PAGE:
Talks between Canada and the United States intensified on Thursday as the two countries pushed for a deal on a revamped North American Free Trade Agreement by a Friday deadline, with both sides upbeat about the progress made.
Talks entered a crucial phase this week after the United States and Mexico reached a bilateral deal on Monday, paving the way for Canada to rejoin talks to salvage the 24-year-old accord that underpins $1.2 trillion in annual North American trade.
Mexico has been an increasingly important export market for the United States for most of the past decade. Securing continued access to the U.S. marketplace was viewed as an objective in itself by major Mexican industrial groups.
Here are some key differences between the Mexico-U.S. deal and the original NAFTA, and who the winners and losers may be:
The automotive sector was at the core of U.S. President Donald Trump’s desire to rework NAFTA, and the deal struck seeks to impose curbs on the lower-cost Mexican car industry.
The new deal requires 75 percent of the value of a vehicle to be produced in the North American region, up from the original NAFTA threshold of 62.5 percent.
Aside from making it harder for carmakers to assemble autos outside of North America and still get duty-free access to the most lucrative market – the United States – the higher threshold also aims to keep more parts from Asia out of the region.
It also stipulates 40 percent to 45 percent of a vehicle’s value be made in areas paying at least $16 an hour, such as the United States or Canada, which could potentially stem the southward drift of industrial capacity to Mexico.
A side agreement not formally part of the accord would allow the United States to pursue national security tariffs on annual Mexican car and SUV imports of over 2.4 million vehicles.
The number significantly exceeds last year’s total imports, and allows Mexico’s industry room to grow, but serves as a potential quota. The side deal also allows U.S. national security levies on Mexican auto parts imports above $90 billion per year.
Despite this, if the Trump administration opts to slap so-called 232 national security tariffs on global automotive imports, Mexico may end up better protected than other nations.
The pact also requires greater use of North American steel, aluminum, glass and plastics than the original.
Through the side agreements, the new arrangement pushes North America closer to “managed trade”, a more interventionist model that could benefit large companies able to tailor output toward quotas but could hurt consumers with higher prices.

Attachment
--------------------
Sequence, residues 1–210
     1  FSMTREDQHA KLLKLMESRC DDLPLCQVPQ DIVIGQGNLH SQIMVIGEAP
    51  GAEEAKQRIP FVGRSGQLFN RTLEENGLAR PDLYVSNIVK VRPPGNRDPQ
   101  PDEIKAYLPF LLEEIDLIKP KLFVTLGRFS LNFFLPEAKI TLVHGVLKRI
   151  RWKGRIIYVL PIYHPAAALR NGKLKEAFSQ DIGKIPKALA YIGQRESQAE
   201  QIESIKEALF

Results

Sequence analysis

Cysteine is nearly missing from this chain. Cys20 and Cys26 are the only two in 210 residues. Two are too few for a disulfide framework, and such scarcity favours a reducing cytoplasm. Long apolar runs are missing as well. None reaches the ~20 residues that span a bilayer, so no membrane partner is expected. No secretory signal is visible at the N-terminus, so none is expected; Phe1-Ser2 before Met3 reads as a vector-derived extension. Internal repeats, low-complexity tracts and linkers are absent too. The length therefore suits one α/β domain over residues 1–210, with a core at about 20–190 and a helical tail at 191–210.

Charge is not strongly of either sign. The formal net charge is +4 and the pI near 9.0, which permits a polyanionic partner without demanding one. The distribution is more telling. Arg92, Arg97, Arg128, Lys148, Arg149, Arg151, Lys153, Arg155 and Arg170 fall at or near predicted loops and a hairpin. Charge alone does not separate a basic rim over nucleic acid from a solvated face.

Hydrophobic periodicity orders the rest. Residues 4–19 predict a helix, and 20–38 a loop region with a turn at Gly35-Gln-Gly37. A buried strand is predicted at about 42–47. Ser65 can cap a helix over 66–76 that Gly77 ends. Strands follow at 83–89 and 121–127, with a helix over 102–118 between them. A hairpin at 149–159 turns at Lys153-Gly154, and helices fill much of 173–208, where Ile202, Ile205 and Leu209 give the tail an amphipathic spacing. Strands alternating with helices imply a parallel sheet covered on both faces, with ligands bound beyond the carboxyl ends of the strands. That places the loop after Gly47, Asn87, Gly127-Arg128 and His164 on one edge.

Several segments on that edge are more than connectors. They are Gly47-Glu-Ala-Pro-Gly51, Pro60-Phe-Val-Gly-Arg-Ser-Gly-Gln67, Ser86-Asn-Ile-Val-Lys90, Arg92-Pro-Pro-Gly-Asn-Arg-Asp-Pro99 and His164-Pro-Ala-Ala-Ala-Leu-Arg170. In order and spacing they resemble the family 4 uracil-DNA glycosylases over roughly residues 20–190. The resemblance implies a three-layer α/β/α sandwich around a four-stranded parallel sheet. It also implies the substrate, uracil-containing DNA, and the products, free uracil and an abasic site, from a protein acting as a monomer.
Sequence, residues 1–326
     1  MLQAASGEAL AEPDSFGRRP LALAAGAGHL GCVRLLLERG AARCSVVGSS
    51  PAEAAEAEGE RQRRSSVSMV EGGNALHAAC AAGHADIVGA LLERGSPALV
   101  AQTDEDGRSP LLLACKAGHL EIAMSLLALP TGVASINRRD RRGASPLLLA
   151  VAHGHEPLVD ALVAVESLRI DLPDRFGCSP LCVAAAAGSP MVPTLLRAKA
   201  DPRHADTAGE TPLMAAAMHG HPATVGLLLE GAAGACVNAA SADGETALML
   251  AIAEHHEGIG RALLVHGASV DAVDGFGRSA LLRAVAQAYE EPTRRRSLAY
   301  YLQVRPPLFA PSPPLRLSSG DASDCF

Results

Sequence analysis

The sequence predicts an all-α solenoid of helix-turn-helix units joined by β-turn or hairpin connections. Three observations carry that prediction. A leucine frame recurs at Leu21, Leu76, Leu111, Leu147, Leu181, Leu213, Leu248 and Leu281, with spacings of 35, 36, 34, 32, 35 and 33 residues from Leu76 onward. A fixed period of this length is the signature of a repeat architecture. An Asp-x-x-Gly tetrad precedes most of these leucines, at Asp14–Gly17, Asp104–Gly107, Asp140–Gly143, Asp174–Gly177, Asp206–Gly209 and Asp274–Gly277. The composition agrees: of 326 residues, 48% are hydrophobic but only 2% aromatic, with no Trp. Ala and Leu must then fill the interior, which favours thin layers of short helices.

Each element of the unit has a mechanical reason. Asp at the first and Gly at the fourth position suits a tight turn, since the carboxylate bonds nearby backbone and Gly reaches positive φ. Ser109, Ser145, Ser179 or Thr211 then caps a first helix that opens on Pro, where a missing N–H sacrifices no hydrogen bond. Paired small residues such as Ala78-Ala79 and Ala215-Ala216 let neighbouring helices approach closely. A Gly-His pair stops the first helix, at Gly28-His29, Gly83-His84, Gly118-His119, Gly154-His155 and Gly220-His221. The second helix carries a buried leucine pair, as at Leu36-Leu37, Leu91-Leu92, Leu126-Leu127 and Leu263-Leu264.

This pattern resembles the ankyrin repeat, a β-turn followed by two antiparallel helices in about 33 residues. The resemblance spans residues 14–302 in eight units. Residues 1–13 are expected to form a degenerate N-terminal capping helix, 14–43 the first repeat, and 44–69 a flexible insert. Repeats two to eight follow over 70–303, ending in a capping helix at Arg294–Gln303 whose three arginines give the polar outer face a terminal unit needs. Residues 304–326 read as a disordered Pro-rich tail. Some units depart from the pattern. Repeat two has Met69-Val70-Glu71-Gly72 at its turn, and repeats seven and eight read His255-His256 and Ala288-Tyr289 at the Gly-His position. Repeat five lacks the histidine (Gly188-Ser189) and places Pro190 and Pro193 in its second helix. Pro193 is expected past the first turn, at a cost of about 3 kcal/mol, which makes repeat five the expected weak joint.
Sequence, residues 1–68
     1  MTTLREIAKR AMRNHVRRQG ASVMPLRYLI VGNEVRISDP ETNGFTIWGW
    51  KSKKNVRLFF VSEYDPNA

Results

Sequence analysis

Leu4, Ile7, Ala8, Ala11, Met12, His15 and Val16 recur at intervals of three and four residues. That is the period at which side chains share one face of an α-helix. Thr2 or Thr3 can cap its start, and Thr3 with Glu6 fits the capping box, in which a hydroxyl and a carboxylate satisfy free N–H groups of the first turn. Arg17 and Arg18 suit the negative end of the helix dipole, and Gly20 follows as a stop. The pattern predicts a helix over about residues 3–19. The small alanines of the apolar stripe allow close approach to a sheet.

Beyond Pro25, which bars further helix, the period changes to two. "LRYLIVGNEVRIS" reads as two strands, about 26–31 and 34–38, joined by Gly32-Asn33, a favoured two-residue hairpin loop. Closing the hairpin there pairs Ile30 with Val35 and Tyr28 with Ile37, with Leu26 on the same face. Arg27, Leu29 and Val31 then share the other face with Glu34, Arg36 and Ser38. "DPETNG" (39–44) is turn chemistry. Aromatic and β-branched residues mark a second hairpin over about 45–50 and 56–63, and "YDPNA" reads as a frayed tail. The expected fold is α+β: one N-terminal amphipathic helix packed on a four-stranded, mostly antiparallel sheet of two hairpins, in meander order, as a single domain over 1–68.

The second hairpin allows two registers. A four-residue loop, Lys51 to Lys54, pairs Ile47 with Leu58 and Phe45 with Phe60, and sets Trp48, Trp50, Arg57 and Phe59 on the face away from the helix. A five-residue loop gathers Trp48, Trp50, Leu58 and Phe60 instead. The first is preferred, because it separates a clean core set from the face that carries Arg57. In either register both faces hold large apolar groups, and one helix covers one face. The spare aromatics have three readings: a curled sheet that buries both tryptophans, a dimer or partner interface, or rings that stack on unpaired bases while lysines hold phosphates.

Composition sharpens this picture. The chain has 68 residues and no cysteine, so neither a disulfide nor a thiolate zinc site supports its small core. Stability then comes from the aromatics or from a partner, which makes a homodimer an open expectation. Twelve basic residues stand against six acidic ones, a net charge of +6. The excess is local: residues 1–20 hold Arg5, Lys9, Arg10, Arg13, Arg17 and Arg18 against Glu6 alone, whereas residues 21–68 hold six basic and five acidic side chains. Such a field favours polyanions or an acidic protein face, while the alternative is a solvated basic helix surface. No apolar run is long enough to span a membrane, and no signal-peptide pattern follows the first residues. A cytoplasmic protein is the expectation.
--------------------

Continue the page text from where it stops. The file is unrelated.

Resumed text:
Mexico and the United States agreed to eliminate a settlement system for anti-dumping disputes, NAFTA’s Chapter 19.
The move, sought by Trump, puts Canada in a difficult position because Prime Minister Justin Trudeau had insisted on maintaining Chapter 19 to fight U.S. duties on softwood lumber, paper and other products that it views as unfair.
That could put pressure on Ottawa to make concessions on Canada’s protected C$21 billion ($16.3 billion) dairy market.
The original NAFTA settlement system for disputes between investors and states was scaled back, now only for expropriation, favoritism for local firms and state-dominated sectors such as oil, power and infrastructure.
The deal contains enforceable labor provisions that require Mexico to adhere to International Labor Organization standards to drive Mexican wages higher, lessening Mexico’s attractiveness as a place for labor-intensive investment.
Stronger labor rules and upwards wage pressure may translate into more robust Mexican consumer demand in due course.
The deal keeps the United States open tariff-free to Mexican farmers, the biggest exporters of agricultural produce to the United States.
The two agreed for Mexico to double its minimum duty-free shipment threshold, the so-called de minimis value, to $100.
That is likely to benefit both express delivery firms and online retailers such as Amazon.com Inc.
Unlike the original trade accord, the new agreement has a lifespan of 16 years, and foresees a review every six years that can extend the pact for 16 years more.
Trade curbs will increase pressure on Mexico and Canada to return to the negotiating table every six years. That could encourage growth in powerful lobbying interests.
Compiled by Anthony Esposito and David Lawder; Editing by Dave Graham and Lisa Shumaker
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